By Joel Padgett
Connecting Faith and Life
As we are halfway through Lent, in the midst of preparing for the celebration of Christ’s Passion and Resurrection, have you ever stopped to think about the fact that our entire Christian faith rests upon the reality of Christ’s Resurrection? St. Paul did. In fact, he writes, “If Christ has not been raised, then our preaching is in vain and your faith is in vain. […] If Christ has not been raised, your faith is futile and you are still in your sins. Then those also who have fallen asleep in Christ have perished. If for this life only we have hoped in Christ, we are of all men most to be pitied” (1 Corinthians 15:14, 17-19).
If the sheer force of these words does not give you pause, I invite you to reread them.
Some 1900 years later, CS Lewis, in his book “Mere Christianity,” gave a new take on St. Paul’s argument. Lewis formulated the argument as a trilemma, which is often referred to as the “Liar, Lunatic, or Lord” argument. It is well worth quoting in full:
“I am trying here to prevent anyone saying the really foolish thing that people often say about Him: ‘I’m ready to accept Jesus as a great moral teacher, but I don’t accept his claim to be God.’ That is the one thing we must not say. A man who was merely a man and said the sort of things that Jesus said would not be a great moral teacher. He would either be a lunatic — on the level with the man who says he is a poached egg — or else he would be the Devil of Hell. You must make your choice. Either this man was, and is, the Son of God, or else a madman or something worse. You can shut him up for a fool, you can spit at him and kill him as a demon or you can fall at his feet and call him Lord and God, but let us not come with any patronizing nonsense about his being a great human teacher. He has not left that open to us. He did not intend to…. Now it seems to me obvious that He was neither a lunatic nor a fiend; and consequently, however strange or terrifying or unlikely it may seem, I have to accept the view that He was and is God.”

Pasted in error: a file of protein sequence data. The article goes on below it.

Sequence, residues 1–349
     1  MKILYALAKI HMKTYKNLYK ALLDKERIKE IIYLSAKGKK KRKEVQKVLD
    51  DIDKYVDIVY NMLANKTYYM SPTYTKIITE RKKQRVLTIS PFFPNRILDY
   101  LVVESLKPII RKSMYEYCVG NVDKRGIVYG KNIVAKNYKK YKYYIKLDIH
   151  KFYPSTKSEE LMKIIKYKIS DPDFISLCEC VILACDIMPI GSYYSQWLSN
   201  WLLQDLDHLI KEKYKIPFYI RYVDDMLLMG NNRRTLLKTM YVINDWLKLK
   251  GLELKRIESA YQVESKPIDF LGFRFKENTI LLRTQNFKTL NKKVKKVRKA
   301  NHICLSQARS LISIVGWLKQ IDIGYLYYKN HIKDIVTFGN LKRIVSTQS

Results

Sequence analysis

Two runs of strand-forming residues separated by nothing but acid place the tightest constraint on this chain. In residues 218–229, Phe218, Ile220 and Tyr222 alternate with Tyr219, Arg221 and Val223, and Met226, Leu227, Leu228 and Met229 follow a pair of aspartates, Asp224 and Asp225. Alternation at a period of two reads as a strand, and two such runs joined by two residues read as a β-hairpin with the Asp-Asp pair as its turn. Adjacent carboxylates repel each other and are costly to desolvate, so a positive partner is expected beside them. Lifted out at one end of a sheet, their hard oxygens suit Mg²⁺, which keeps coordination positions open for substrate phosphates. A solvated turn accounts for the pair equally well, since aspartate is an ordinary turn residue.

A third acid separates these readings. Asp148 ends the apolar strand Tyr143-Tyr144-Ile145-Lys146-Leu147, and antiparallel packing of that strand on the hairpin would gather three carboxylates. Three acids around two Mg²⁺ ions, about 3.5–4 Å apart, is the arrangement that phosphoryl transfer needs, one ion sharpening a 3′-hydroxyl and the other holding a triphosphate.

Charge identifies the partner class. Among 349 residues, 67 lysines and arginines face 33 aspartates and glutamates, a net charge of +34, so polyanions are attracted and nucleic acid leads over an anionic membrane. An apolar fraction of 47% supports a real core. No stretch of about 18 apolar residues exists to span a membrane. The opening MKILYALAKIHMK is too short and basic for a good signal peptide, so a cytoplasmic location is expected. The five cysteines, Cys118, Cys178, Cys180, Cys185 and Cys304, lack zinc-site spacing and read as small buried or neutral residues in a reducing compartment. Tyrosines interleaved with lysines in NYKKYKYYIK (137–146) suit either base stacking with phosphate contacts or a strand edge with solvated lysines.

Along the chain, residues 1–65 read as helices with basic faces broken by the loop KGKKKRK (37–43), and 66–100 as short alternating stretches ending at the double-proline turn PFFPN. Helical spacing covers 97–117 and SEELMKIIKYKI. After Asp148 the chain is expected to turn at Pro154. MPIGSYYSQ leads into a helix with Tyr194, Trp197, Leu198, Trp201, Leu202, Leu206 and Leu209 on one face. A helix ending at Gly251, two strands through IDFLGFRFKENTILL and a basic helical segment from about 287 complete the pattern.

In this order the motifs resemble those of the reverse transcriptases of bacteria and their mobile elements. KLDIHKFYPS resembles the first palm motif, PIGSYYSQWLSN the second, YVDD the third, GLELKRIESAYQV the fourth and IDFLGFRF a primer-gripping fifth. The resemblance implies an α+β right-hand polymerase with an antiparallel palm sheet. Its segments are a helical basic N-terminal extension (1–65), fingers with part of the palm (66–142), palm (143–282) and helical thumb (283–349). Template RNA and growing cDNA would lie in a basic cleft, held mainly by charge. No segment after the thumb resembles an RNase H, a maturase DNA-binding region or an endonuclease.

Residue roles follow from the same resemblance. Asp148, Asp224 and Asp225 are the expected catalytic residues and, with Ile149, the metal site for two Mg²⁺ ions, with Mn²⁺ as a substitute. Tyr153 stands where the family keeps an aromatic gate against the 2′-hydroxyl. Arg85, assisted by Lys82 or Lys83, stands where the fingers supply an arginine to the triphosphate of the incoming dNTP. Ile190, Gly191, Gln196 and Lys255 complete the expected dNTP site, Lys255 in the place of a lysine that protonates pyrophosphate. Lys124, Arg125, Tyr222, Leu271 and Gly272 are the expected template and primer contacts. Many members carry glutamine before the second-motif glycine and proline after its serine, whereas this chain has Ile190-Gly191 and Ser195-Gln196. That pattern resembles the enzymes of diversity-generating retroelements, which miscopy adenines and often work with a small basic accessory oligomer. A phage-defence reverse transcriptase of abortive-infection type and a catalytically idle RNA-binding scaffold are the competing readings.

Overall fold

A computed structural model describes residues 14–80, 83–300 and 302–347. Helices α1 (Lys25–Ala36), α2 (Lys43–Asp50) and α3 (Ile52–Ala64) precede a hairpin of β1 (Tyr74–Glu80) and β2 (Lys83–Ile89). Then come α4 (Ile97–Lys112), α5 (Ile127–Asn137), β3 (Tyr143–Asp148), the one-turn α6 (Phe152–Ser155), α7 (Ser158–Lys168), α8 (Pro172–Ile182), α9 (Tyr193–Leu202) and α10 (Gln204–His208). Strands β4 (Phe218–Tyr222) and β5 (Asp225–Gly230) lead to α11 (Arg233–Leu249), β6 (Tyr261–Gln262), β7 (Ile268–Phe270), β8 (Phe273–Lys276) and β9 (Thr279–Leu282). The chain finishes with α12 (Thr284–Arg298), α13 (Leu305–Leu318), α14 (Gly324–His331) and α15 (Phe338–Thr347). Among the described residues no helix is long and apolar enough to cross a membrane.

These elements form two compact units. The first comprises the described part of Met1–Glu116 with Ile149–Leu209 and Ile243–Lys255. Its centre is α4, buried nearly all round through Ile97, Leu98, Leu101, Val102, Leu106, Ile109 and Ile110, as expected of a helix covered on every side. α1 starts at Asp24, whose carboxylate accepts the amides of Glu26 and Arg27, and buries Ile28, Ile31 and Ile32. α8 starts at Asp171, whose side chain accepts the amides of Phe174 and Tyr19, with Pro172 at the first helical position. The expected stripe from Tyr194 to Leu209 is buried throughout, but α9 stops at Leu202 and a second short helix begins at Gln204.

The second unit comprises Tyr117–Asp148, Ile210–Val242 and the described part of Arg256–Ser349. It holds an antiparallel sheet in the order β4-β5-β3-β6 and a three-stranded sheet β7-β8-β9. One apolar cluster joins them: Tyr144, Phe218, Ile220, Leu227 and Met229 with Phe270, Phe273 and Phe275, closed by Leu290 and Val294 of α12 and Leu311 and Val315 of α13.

Since Lewis, this argument has been strengthened by ruling out a fourth option that is sometimes referred to as the “legend” option. Brant Pitre does an excellent job of this in his work “The Case for Jesus.” In brief, there are some people who say that Jesus never really claimed to be God and that the Bible isn’t historically true. However, after going through all of the biblical and historical evidence (which is too much to include in this short article), Pitre concludes that “if you are going to hold on to the theory that Jesus never claimed to be God, you had better be committed to eliminating a lot of historical evidence.” In other words, Jesus, a real person with proven historical existence, does in fact claim to be God. So we’re back to where we started: Jesus is either a liar, a lunatic, or he is in fact the Lord.
In a way, we find a similar situation in the Gospels when Jesus asks his apostles, “Who do you say that I am?” (Matthew 16:15). It is a question that any authentic Christian must answer with every fiber of his being and must strive to allow the consequences of that answer to mold his whole person. Let us not shy away from this question, but have the courage to face it head-on … and the humility to ask for the grace of faith. Let us take a serious look at the person of Christ as we find him in the Gospels; let us study what the Church teaches about him, and let us read what the saints have to say about him. The answer has the power to transform our entire existence.